Malware is just a transport vehicle to continue the propagation of a sustained attack. As such, malware ultimately needs permissions to obtain the target information sought after by the attacker. The malware subset that scrapes memory, installs additional malicious software, or provides surveillance is the most pertinent to privileged escalation. Its goal is surveillance to execute a vertical privileged attack in the future.
5. Social Engineering
Social engineering attacks capitalize on the trust people have in the communications (voice, email, text, etc.) addressed to them. If the message is well crafted, and potentially even spoofs someone trusted, then the threat actor has already succeeded in the first step of an attack.
From a social engineering perspective, threat actors attempt to capitalize on a few key human traits to meet their goals:
- Trustworthiness: The belief the correspondence, of any type, is from a trustworthy source.
- Credulity: The belief the contents, as crazy or simple as they may be, are in fact real. This drives much of our behavior in believing “fake news”.
- Sincerity: The intent of the content is in your best interest to respond or open.
- Curiosity: The attack technique has not been identified (as part of previous training), or the person remembers the attack vector but does not react accordingly.
- Laziness: The correspondence initially looks good enough but investigating the URLs and contents for malicious activity does not seem worth the effort. This includes obvious misspellings that may be included and ignored in the contents.
If we consider each of these characteristics, we can appropriately train team members to improve resistance to social engineering attacks. The difficulty is overcoming human traits. For instance, if a team member is victimized by a social engineering attack, then the threat actor can gain access and potentially install malware, ransomware, or escalate privileges. Successful social engineering allows the employee to “open the door” for a threat actor to conduct their nefarious mission.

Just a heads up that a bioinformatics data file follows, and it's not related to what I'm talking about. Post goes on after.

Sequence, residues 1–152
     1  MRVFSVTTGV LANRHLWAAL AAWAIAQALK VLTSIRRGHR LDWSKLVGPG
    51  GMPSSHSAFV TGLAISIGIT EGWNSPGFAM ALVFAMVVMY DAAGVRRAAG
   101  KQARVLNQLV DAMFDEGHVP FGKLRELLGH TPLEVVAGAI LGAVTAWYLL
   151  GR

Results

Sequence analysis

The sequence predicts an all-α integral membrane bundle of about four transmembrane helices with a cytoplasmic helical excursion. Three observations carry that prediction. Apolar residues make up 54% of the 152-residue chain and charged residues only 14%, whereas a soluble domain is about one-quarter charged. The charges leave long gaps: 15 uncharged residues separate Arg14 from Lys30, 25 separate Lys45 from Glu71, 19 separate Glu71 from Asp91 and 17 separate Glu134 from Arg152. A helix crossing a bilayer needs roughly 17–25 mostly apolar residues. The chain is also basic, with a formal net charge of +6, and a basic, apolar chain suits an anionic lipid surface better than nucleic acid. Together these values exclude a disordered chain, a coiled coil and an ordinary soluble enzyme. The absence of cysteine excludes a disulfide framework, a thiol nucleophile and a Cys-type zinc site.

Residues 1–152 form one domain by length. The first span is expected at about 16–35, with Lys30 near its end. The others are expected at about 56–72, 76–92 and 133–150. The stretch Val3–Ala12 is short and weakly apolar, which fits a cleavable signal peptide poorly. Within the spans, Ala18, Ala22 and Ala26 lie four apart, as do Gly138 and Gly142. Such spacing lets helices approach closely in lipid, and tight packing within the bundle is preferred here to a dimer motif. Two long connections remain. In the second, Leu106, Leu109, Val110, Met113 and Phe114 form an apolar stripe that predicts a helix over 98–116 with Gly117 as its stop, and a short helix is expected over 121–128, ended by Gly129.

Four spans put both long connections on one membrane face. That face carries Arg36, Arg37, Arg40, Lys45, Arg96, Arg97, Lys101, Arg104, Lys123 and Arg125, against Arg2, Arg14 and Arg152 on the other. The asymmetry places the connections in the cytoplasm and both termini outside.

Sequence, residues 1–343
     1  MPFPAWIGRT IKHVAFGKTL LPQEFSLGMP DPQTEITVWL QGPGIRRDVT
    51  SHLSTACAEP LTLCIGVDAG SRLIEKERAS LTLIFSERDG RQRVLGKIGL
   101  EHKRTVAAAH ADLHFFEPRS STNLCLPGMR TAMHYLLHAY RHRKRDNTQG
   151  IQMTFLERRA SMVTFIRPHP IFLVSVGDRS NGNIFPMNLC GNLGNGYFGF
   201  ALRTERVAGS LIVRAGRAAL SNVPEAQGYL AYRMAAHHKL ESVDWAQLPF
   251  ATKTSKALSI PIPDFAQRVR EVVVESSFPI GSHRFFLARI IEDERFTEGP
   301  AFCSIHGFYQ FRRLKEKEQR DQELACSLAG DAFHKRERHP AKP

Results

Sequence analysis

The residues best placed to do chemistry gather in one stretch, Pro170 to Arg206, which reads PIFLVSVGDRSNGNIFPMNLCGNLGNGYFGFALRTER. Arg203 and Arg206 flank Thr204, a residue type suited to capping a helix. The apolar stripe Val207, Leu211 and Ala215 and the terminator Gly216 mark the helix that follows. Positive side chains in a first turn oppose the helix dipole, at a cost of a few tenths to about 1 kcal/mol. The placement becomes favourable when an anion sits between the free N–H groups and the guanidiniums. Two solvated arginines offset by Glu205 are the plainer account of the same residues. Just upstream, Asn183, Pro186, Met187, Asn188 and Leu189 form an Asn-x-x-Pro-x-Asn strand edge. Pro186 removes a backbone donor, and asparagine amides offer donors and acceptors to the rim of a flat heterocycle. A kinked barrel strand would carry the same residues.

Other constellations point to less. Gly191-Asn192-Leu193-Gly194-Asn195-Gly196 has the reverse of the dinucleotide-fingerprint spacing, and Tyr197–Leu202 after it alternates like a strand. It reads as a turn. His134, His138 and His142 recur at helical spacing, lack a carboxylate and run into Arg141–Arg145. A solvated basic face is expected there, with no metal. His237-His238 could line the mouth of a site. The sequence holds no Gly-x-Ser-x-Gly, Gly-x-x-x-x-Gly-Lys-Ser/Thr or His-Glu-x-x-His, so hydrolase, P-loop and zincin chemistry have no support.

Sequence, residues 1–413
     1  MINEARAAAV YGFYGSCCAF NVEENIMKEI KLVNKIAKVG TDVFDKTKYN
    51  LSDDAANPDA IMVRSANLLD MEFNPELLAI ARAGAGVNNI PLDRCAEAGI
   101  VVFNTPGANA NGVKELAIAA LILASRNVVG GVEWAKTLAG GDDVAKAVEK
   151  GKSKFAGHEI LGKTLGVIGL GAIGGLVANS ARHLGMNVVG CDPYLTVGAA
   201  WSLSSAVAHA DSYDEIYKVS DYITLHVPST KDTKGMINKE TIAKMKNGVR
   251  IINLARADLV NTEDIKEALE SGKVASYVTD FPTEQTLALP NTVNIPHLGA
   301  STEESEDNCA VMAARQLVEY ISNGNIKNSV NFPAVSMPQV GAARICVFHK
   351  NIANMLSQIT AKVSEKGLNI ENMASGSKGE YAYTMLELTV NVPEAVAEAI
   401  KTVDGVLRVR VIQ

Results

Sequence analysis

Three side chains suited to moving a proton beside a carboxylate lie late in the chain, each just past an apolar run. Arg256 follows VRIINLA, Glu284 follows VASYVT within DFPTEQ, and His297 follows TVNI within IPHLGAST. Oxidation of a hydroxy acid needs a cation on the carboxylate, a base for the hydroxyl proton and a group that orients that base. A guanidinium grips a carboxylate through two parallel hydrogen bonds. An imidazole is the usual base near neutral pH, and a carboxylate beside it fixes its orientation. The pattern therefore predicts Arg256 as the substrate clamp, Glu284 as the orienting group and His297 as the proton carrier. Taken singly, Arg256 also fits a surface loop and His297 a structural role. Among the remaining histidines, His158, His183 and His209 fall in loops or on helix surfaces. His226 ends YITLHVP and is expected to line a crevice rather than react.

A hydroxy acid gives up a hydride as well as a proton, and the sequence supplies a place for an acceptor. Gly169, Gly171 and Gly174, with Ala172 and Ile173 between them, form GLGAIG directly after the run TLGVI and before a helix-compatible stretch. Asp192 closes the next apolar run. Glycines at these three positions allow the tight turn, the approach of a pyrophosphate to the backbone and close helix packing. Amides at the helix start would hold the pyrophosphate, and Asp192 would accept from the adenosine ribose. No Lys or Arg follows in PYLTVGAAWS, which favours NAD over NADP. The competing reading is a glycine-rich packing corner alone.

Operating Systems and Privileged Escalation
We have considered common methods leveraged for privileged escalation and the most common techniques to obtain administrative privileges—but how does this apply to your organization? Consider the table below:
Some operating systems are more prone to social engineering simply based on user interaction. For instance, social engineering is a more common contributor to Windows privilege escalation attacks. On the other hand, Unix and Linux privilege escalation attacks are rarely the result of social engineering, but rather misconfigurations, vulnerabilities and exploits, and targeted insider attacks. This is true simply because Windows is far more prevalent on end-user desktops than other operating systems.
However, credential exploitation can happen on any operating system and device. If credentials are exposed using any of the techniques we have discussed, then a privileged escalation can occur using any of the additional methods available to threat actors. No asset, application, or resource is immune to a credential-based attack. And none of them are immune from privileged escalation. By adopting technologies like Single Sign On (SSO) and Multi-Factor Authentication (MFA), organizations can mitigate risk. When this is combined with good cybersecurity hygiene like segmentation, privileged access management (PAM), patch management, vulnerability management, and change control, a strong defense-in-depth emerges. But remember, none of these security practices are 100% effective.
Privilege Escalation Attack Vectors
An attack vector is a technique by which a threat actor, hacker, or attacker gains access to a system, application, or resource to perform malicious activity. This can include everything from installing malware, altering files or data, or even some form of persistent reconnaissance.